Hosepipe ban

Confessions of a lawn obsessive

For the past few days I’ve been frantically watering my lawn in anticipation of the London hosepipe ban. True, there are other things in the garden that need watering – the roses, the magnolias, the rhododendrons, as well as the tomato plants, the rosemary bushes and the olive tree. But I can probably manage to get round them with my watering can once the ban kicks in and in any case it’s the lawn that’s my pride and joy. Gazing at the stripes after it’s just been mown is one of life’s great pleasures as I settle into late middle age. When Caroline and I first looked round our house

Should you grass on a neighbour who breaks the hosepipe ban?

We know many water companies are themselves guilty of profligate waste through unrepaired leaks. So to snitch on a neighbour, who is making a comparatively tiny personal contribution to the drought, seems petty. But we are only human and it is hard to watch your flowers and vegetables wither and die while your neighbour is still drenching his own produce with gay abandon. If you have a smart water meter you might be more careful about over-use as Big Brother is watching you. Candy, a wife and mother of three in my nearby town, showed me her own bill for water use. It announced that her total water use was

Ross Clark

Water woes: who’s to blame for the shortages?

For residents of the London borough of Islington whose homes were flooded this week by a burst water main, Thames Water’s decision to announce a hosepipe ban the following day must have come across as a sick joke. Just a few days before the flood, the company sent out an email asking its customers to be a ‘hot spell hero’. ‘Every drop you save really is another drop more in your local river or reservoir.’ But Thames Water seemed unable to follow its own advice: five million litres of water were lost during the leak. The episode neatly encapsulated much of what is wrong with Britain’s water industry: crude, 1940s-style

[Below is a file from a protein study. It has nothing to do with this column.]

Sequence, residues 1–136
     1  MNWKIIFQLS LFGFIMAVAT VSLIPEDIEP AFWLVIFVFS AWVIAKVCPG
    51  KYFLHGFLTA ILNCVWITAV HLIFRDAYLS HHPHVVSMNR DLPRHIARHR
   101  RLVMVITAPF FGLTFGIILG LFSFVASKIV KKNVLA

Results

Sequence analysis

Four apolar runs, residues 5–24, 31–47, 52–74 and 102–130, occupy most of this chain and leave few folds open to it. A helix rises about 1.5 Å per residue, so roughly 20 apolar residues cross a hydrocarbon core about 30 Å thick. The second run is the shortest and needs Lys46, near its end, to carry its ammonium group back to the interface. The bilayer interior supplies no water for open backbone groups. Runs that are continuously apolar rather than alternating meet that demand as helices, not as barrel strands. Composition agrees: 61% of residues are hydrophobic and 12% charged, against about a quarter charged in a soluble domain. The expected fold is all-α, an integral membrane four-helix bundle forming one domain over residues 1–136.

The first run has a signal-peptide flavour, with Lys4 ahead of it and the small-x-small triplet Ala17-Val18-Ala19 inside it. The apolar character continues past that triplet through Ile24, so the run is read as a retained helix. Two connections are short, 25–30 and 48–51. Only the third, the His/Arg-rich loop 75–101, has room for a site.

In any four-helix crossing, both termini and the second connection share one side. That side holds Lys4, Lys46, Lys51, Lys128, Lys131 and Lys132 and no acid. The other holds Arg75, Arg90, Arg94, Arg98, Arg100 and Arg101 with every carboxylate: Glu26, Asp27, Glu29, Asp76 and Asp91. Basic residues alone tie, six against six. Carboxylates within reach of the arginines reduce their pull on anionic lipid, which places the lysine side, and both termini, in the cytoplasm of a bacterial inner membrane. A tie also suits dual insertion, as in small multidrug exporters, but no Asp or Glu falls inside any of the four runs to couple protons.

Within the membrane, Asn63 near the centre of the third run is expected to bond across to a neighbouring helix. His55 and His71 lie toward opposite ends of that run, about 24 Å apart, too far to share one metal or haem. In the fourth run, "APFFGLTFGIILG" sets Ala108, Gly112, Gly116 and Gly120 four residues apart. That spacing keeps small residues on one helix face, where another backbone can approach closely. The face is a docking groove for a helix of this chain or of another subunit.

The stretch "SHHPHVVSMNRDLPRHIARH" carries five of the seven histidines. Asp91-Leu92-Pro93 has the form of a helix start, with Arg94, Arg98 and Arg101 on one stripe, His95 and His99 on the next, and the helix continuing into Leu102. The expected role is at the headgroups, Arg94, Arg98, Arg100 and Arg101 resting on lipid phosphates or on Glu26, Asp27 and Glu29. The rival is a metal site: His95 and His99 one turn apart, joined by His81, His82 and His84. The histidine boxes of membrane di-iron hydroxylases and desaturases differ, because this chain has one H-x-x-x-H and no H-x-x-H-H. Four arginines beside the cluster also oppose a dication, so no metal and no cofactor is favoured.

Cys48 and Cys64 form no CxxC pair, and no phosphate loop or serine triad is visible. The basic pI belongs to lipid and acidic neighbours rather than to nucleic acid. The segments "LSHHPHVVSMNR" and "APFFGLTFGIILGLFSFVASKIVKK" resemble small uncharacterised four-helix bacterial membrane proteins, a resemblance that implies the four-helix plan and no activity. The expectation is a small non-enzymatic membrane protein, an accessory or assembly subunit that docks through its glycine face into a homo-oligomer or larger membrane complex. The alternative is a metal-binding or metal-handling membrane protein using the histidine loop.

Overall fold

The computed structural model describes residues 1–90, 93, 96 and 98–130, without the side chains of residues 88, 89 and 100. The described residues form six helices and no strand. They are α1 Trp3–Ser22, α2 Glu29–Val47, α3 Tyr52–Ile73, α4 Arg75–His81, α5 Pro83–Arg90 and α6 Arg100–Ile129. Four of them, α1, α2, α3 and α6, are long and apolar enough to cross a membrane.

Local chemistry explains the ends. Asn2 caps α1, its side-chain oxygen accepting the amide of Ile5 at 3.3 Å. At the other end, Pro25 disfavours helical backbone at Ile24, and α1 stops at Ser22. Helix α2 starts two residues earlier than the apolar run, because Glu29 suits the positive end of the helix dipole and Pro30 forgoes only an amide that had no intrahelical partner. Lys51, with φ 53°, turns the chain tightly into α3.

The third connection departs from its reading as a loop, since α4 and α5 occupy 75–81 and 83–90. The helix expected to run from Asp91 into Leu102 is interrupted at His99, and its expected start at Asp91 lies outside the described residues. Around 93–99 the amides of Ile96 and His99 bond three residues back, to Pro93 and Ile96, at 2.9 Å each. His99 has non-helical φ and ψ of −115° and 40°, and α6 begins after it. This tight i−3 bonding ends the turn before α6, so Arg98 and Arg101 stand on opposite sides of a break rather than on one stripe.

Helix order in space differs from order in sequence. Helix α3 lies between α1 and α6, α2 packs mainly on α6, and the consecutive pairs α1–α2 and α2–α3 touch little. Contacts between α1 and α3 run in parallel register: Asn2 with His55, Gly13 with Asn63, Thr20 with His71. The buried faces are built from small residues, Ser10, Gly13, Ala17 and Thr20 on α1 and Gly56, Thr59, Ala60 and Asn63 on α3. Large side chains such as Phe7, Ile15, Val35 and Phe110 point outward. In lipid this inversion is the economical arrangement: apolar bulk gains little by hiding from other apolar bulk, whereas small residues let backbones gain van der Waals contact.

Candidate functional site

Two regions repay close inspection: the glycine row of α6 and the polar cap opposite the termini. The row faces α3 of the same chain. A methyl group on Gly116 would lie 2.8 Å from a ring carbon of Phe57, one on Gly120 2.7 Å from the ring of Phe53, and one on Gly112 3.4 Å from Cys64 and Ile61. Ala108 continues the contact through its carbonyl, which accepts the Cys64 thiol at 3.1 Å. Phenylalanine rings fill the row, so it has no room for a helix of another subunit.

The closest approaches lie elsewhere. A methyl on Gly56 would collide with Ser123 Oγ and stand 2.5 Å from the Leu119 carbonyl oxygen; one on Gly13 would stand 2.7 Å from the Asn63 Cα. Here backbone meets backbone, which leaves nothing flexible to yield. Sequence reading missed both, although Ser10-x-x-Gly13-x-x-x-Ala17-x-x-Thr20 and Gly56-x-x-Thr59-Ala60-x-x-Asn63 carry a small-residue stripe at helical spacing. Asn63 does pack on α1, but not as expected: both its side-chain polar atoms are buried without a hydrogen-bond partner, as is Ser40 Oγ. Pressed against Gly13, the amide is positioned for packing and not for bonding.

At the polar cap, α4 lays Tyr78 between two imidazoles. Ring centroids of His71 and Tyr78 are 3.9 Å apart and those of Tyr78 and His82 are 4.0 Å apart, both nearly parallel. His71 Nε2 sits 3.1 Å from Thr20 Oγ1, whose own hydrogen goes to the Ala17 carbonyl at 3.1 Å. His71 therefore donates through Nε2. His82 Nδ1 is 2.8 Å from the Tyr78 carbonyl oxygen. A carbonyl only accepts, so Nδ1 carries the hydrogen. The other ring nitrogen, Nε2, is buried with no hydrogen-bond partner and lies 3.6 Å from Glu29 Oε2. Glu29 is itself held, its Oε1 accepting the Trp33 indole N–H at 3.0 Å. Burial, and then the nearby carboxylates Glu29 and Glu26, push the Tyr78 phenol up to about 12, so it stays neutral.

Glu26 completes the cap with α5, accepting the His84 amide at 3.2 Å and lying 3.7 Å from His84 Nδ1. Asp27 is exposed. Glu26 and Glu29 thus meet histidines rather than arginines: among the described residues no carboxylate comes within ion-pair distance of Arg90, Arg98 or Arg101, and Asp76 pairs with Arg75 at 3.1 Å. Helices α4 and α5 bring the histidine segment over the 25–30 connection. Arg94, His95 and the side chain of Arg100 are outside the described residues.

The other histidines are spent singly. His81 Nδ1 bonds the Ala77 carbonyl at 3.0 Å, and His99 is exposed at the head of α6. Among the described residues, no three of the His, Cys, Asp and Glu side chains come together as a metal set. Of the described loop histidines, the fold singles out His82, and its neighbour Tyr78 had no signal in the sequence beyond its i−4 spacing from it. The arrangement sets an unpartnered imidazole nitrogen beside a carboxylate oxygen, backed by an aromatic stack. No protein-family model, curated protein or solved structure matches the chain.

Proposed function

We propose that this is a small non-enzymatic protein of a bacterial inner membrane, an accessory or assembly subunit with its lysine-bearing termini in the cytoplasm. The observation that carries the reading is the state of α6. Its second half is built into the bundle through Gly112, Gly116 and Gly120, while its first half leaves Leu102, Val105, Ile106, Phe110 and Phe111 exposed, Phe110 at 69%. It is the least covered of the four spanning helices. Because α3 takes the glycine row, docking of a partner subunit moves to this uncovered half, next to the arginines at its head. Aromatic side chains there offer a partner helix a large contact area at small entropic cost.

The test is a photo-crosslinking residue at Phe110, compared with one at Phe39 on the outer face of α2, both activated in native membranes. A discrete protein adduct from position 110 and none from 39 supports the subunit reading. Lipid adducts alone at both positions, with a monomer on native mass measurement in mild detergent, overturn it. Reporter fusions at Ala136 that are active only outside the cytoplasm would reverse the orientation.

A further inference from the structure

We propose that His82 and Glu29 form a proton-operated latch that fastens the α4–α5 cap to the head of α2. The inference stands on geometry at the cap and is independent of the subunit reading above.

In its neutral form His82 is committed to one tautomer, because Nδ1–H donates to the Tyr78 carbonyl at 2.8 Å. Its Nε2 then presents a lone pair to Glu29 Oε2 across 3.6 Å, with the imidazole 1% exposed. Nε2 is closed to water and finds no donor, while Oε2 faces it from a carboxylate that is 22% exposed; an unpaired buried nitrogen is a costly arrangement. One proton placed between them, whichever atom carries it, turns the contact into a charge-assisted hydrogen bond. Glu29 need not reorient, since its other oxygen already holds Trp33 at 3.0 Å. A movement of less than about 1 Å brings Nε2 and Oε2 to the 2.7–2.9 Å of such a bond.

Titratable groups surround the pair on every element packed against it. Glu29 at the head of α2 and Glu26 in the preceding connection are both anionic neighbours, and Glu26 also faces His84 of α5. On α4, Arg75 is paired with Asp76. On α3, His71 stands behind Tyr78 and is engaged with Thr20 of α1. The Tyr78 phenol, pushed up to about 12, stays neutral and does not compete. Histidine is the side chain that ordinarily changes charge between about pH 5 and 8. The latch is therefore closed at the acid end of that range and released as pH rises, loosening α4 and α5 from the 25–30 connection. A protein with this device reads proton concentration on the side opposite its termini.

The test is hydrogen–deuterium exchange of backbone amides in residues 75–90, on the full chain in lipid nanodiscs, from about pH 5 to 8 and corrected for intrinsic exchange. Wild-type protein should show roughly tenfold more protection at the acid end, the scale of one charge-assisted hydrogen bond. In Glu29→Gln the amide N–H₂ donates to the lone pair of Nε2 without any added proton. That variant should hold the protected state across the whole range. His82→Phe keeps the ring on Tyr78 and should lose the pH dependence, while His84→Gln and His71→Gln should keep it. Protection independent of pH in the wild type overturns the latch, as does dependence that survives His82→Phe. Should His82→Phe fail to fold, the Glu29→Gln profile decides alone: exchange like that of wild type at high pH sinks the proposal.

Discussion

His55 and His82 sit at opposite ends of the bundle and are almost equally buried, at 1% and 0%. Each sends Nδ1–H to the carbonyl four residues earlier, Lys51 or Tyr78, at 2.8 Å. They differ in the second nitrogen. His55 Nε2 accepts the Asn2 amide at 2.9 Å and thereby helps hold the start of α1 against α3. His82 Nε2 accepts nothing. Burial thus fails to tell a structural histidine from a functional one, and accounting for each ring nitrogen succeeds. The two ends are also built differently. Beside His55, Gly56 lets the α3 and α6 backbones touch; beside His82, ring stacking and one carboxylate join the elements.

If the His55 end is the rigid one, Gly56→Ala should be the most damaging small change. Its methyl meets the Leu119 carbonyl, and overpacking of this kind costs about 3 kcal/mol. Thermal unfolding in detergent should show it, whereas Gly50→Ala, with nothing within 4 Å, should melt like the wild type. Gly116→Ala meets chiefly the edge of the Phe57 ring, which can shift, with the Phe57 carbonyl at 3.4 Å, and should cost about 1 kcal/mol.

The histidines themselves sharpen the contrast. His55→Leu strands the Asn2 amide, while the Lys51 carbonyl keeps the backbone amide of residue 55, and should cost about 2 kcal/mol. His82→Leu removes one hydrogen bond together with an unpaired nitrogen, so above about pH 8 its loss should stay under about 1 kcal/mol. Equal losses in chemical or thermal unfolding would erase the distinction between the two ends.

Will ‘hosepipe ban’ make it into the dictionary?

‘Got any ’ose?’ asked my husband, falling into his Two Ronnies ‘Four Candles’ routine, in which he likes to play not only the shopkeeper but also the customer, with disastrous results. In both the pantyhose and the garden hose in the sketch, the hose was originally the same word. Hose meant the leggings or trousers our Germanic forefathers wore. In some contexts it long retained the archaic plural hosen. When Nebuchadnezzar in his rage commanded Shadrach, Meshach and Abednego to be thrown into the burning fiery furnace, they were bound ‘in their coats, their hosen, and their hats’, according to the translation of 1611. In the pleasantly named A Pisgah-sight

Portrait of the week: Energy bills up, NHS waiting lists down and hosepipes off

Home Energy bills will be £4,266 for a typical household by January, according to the consultancy Cornwall Insight, which had put the sum at £3,616 only a week earlier. Ofgem had decided since then to shorten the period over which suppliers can recover their costs. Gordon Brown, prime minister 2007-10, declared that Boris Johnson, the Prime Minister, and Liz Truss and Rishi Sunak, competitors to succeed him, must hold an emergency Budget to deal with the ‘financial timebomb’ of energy prices. ‘If they do not,’ he said, ‘parliament should be recalled to force them to do so.’ Liz Truss, in an interview with the Financial Times, said she would help